Monte Carlo simulation has become one of the most important tools in all fields of science. Simulation methodology relies on a good source of numbers that appear to be random. These "pseudorandom" numbers must pass statistical tests just as random samples would. Methods for producing pseudorandom numbers and transforming those numbers to simulate samples from various distributions are among the most important topics in statistical computing.
This book surveys techniques of random number generation and the use of random numbers in Monte Carlo simulation. The book covers basic principles, as well as newer methods such as parallel random number generation, nonlinear congruential generators, quasi Monte Carlo methods, and Markov chain Monte Carlo. The best methods for generating random variates from the standard distributions are presented, but also general techniques useful in more complicated models and in novel settings are described. The emphasis throughout the book is on practical methods that work well in current computing environments.
The book includes exercises and can be used as a test or supplementary text for various courses in modern statistics. It could serve as the primary test for a specialized course in statistical computing, or as a supplementary text for a course in computational statistics and other areas of modern statistics that rely on simulation. The book, which covers recent developments in the field, could also serve as a useful reference for practitioners.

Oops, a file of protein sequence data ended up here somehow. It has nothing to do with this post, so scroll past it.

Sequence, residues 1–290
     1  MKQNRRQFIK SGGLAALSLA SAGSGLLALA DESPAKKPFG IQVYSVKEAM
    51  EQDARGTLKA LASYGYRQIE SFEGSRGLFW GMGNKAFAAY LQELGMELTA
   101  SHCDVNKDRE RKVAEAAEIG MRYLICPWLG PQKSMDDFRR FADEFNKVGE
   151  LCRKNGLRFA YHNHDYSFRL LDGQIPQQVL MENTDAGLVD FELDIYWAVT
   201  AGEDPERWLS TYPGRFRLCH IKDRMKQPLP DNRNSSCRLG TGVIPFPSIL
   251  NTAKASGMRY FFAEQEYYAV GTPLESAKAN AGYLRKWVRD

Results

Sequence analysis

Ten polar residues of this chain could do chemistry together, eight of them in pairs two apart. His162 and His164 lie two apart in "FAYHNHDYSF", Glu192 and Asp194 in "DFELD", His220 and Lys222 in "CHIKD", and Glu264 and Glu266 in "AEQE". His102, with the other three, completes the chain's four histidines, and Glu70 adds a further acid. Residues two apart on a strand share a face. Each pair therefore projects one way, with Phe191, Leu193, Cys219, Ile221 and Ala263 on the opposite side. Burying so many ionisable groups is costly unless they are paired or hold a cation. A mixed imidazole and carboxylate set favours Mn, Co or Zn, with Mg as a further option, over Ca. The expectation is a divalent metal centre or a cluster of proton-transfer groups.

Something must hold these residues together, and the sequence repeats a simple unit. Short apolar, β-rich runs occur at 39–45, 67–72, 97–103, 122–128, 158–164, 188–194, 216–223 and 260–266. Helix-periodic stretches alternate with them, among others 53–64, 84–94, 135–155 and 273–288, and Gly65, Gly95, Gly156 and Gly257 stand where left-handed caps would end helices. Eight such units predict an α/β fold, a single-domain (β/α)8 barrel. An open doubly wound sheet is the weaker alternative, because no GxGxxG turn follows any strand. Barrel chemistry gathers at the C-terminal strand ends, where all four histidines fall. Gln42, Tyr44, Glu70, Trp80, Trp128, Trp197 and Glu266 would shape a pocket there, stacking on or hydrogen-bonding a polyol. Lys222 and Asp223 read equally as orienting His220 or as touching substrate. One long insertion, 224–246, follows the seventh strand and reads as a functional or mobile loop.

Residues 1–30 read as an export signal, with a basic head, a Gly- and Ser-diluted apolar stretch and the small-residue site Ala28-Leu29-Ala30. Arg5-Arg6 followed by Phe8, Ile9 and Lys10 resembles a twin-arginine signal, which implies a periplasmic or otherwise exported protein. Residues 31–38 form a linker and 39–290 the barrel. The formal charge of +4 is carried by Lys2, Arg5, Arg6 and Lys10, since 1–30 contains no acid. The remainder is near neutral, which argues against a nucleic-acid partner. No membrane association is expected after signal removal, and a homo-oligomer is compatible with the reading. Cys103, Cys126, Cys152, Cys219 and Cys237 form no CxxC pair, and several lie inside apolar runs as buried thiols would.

Although some familiarity with probability and statistics is assumed, the book is accessible to a broad audience. The second edition is approximately 50% longer than the first edition. It includes advances in methods for parallel random number generation, universal methods for generation of nonuniform variates, perfect sampling, and software for random number generation. The material on testing of random number generators has been expanded to include a discussion of newer software for testing, as well as more discussion about the tests themselves. The second edition has more discussion of applications of Monte Carlo methods in various fields, including physics and computational finance.
James Gentle is University Professor of Computational Statistics at George Mason University. During a thirteen-year hiatus from academic work before joining George Mason, he was director of research and design at the world's largest independent producer of Fortran and C general-purpose scientific software libraries. These libraries implement several random number generators, and are widely used in Monte Carlo studies.
He is a Fellow of the American Statistical Association and a member of the International Statistical Institute. He has held several national offices in the American Statistical Association and has served as an associate editor for journals of the ASA as well as for other journals in statistics and computing. Recent activities include serving as program director of statistics at the National Science Foundation and as research fellow at the Bureau of Labor Statistics.